The ongoing covid-19 pandemic has led to hundreds of people stranded abroad in foreign countries as travel restrictions were put in place. Now, more flights have been put in place by the Government to help bring stranded Britons around the world home. But some travellers are baulking at the price after it was announced that travellers could have to pay up to £1,000 for a ticket.
The Foreign and Commonwealth Office (FCO) revealed details of flights that will bring home Britons from India, Nepal, the Philippines and South Africa.
The FCO launched a £75million operation to charter flights from the destinations last week where commercial routes have been halted due to the coronavirus pandemic.
The only people who are allowed to travel on these routes are those who normally live in the UK.
The flights will operate from the Philippines to Heathrow on Tuesday but tickets will cost around £1,000 per person.
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The flights were being operated by Philippine Airlines and chartered by the FCO.
British ambassador to the Philippines Daniel Pruce issued a video message warning that “there are no plans for further British Government flights”.
He said: “Everyone, please don’t miss this opportunity. Something better will not come along.
“We’ve mobilised our resources to help get you home. We now need you to mobilise yourselves. This is your last chance.”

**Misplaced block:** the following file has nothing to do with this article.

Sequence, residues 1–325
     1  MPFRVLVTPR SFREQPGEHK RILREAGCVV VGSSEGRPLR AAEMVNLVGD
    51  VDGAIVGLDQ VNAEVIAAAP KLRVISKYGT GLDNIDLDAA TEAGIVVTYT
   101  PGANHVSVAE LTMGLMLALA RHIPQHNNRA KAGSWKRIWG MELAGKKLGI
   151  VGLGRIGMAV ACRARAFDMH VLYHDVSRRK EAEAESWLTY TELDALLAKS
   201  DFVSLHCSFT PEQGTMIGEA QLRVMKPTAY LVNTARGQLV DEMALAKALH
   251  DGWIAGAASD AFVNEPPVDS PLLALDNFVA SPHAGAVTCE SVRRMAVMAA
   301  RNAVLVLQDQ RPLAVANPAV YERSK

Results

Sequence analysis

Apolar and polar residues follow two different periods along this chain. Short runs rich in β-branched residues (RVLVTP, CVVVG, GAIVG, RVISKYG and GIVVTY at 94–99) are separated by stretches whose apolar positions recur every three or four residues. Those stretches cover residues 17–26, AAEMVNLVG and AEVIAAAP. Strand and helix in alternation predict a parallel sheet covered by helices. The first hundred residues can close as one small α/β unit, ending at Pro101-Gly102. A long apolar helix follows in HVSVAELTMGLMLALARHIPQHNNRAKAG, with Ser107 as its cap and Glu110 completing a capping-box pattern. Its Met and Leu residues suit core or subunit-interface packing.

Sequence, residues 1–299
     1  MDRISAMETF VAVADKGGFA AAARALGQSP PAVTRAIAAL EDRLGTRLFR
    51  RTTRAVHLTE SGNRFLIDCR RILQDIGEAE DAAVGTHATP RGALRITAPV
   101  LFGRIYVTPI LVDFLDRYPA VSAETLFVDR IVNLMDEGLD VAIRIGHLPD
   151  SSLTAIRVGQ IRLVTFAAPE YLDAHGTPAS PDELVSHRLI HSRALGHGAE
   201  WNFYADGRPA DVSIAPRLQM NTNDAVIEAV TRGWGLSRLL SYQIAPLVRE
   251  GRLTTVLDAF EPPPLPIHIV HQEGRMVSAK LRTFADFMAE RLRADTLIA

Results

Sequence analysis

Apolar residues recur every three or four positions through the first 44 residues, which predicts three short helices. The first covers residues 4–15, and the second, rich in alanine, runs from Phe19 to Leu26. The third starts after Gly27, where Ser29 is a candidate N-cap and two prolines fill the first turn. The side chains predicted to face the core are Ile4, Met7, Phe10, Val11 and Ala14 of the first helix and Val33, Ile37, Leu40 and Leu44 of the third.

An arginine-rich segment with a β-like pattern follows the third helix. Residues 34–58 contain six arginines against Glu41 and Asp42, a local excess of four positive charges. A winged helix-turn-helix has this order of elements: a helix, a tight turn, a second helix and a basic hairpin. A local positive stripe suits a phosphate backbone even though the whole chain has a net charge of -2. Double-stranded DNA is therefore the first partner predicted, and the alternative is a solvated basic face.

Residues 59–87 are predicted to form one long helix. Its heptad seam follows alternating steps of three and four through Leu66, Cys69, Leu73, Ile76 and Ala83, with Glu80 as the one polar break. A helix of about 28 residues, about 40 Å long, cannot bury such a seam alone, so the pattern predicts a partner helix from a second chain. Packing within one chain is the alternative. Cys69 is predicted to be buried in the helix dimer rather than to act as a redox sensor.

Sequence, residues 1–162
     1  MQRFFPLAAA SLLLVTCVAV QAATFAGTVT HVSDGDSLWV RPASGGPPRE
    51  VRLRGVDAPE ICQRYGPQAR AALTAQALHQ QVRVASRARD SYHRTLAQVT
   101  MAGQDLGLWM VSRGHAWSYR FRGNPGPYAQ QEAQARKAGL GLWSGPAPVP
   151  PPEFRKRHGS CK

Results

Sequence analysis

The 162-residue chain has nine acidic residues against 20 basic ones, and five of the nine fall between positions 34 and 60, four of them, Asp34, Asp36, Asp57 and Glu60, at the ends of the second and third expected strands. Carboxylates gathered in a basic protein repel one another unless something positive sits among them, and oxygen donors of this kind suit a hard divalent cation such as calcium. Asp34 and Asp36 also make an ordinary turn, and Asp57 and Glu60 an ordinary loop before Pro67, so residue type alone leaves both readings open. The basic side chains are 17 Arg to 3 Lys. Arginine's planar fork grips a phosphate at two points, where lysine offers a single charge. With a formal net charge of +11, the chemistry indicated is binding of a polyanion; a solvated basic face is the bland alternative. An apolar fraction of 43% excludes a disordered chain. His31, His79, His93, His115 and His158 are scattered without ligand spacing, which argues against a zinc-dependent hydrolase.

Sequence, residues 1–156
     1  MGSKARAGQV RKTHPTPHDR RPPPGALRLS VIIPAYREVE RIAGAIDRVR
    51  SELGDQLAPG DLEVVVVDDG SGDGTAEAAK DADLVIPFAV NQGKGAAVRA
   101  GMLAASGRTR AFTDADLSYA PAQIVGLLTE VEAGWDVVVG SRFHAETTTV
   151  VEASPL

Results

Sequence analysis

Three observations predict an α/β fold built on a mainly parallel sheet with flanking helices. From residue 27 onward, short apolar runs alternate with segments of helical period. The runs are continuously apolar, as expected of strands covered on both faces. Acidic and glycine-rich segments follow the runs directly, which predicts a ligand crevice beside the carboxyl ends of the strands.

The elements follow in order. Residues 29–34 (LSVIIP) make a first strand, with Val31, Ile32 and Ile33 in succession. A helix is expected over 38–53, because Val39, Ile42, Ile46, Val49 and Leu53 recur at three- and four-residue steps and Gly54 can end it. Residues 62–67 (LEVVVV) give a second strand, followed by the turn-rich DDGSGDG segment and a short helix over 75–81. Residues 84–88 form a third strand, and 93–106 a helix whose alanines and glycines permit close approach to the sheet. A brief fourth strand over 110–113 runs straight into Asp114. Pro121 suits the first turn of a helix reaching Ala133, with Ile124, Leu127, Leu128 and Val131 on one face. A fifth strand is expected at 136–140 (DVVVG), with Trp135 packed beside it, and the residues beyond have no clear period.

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The first rescue flight from Nepal will take place on Wednesday while another will happen on Friday.
Tickets will cost £800 per person.
India to the UK will cost £681, while a rescue flight from South Africa to the UK will cost £855.
Some of the Government’s previous rescue flights to Peru cost just £250 per person.
Flights: The FCO said that the cost of the flights will be shared between passengers and taxpayers
The FCO said that the cost of the flights will be shared between passengers and taxpayers.
They also said that only 1,450 British travellers had flown home on chartered flights since the scheme was announced on March 30.
Social media users on Twitter have expressed their frustration at the cost of the repatriation flight tickets.
One user said: “Thousands still stranded in SA including kids and elderly due to the extortionate price of repatriation flights, £655 from JHB and £855.
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“Normally £400 on normal flights, somebody is making a mint like Richard Branson!!”
Another said: “What’s happened to the £75m purse the government had set aside for repatriation flights, tell me this isn’t a subsidised price?”
Another said angrily: “Reasonable price, this is a joke, after paying for a return flight Glasgow to Cape Town via Dubai at total cost £1500 for myself and husband, we are now expected to pay more for a single flight home, and don’t know where in the UK this will land.”
Travel expert Simon Calder replied to a user on Twitter about the extortionate prices.
“It’s a question about what is a fair price – for travellers and the taxpayer.
“Odd that some pay £250 for a flight of 6,000-plus miles, and others pay £1,000, when the UK government is organising both,” he said.
Another said on Twitter: “I should be in the UK right now. I should be home. But I’m not, because my flight from NZ to Sydney was cancelled and I couldn’t get to the next leg of my journey. WHY am I expected to pay an extortionate price for another ticket home?”